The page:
BA waves the white flag over data breach compensation

british airwaysBritish Airways has finally caved in to the class action compensation claim being brought on behalf of hundreds of thousands of victims of its 2018 data breach by informing the High Court that it plans to begin discussions over an out of court settlement.

The group litigation order was first granted by the High Court in October 2019, giving legal firms, including SPG Law, Hayes Connor and Your Lawyers, a deadline of January 2021 to attract potential claimants.

Earlier this week, Decision Marketing revealed that SPG Law (now rebranded as PGMBM) has launched a TV blitz under the name of badatabreach.com, designed to drive disgruntled BA customers to sign up at its website.

Now, according to Your Lawyers, BA has contacted the High Court over its settlement plans, and a new deadline to join the Group Litigation Order has been set for March 19 2021.

Your Lawyers director Aman Johal said in a statement: “News that British Airways wants to settle compensation claims, with negotiations set to take place in the first quarter of 2021, is acknowledgement of its wrongdoing in failing to protect customer data.

“This is incredibly positive news for the victims of the breach and for consumer rights in general, but people must act fast to avoid missing out.”

Your Lawyers believes customers could each receive about £6,000 in compensation, and, with 430,000 affected, the law firm claims this could trigger a total payout of up to £3bn, nearly three times the airline’s 2019 operating profits.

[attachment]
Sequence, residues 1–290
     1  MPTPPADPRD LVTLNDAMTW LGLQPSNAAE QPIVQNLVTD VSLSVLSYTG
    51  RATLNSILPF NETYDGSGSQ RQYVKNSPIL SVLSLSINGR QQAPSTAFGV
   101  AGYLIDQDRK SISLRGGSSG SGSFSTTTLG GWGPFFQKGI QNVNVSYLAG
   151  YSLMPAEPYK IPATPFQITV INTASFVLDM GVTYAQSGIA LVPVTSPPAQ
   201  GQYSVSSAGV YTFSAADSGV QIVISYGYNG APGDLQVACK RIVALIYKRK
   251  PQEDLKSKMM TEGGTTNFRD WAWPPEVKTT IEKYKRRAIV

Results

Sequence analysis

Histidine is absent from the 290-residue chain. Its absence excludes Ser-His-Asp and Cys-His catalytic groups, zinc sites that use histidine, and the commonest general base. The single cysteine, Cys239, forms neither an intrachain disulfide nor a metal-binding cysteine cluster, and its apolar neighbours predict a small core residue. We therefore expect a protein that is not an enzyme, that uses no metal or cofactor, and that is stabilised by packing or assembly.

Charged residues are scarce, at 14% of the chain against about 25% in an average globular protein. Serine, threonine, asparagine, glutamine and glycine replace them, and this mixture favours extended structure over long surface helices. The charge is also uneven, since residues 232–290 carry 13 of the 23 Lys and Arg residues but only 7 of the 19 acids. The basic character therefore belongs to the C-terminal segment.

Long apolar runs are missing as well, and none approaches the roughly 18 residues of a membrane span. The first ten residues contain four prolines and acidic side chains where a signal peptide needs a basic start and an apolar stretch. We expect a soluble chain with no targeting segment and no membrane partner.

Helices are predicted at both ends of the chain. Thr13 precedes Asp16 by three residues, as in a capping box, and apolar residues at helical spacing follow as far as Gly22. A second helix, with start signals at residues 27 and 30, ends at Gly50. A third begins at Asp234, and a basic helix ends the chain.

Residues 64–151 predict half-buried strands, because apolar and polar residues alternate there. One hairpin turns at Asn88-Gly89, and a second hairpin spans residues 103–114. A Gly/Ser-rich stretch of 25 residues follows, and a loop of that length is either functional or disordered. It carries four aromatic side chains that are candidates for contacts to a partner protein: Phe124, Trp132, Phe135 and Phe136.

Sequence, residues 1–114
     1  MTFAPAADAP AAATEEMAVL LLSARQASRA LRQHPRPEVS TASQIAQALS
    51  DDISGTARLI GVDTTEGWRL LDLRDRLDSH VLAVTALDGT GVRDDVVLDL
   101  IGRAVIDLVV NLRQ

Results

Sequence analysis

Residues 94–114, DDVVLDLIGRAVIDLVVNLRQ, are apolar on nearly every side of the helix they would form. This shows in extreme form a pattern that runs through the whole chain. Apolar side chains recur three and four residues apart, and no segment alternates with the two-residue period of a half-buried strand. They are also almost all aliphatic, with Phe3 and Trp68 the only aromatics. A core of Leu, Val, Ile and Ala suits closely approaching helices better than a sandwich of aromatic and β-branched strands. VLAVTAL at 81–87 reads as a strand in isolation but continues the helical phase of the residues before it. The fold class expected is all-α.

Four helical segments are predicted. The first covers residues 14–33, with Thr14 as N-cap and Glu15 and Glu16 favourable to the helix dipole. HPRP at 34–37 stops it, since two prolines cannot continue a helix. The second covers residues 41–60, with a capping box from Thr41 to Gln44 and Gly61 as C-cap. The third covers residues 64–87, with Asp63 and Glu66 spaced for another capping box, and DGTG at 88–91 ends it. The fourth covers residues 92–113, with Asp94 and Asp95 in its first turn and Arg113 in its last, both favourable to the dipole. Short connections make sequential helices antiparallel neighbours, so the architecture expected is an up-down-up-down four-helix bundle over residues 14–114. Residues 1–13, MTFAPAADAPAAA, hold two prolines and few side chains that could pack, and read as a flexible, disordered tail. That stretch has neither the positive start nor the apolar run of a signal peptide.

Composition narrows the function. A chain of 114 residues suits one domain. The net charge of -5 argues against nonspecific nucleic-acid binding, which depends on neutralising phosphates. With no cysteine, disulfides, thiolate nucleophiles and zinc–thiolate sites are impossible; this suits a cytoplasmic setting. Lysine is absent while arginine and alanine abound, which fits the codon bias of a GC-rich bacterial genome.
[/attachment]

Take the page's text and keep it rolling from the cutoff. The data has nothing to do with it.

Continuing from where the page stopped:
However, BA lawyers will have other ideas and are likely to want to keep payouts to a minimum, especially as they managed to hammer down the Information Commissioner’s Office fine from £183m – published in its “notice of intent” in July 2019 – to eventually settle on a penalty of £20m.

Johal added: “We are receiving hundreds of enquires a day as people scramble to meet the coming deadline, and we still receive a lot of enquiries from people who missed the deadline for previous actions we have been involved with and, unfortunately, we have to turn them away.”

He said that although the airline has yet to reveal how it plans to deal with proceedings, settling out of court will show the firm accepts the gravity of the incident.

Johal concluded: “Justice will be served, and the decision will send a strong message to other big corporations that they must take data protection seriously or face the financial and reputational consequences.”

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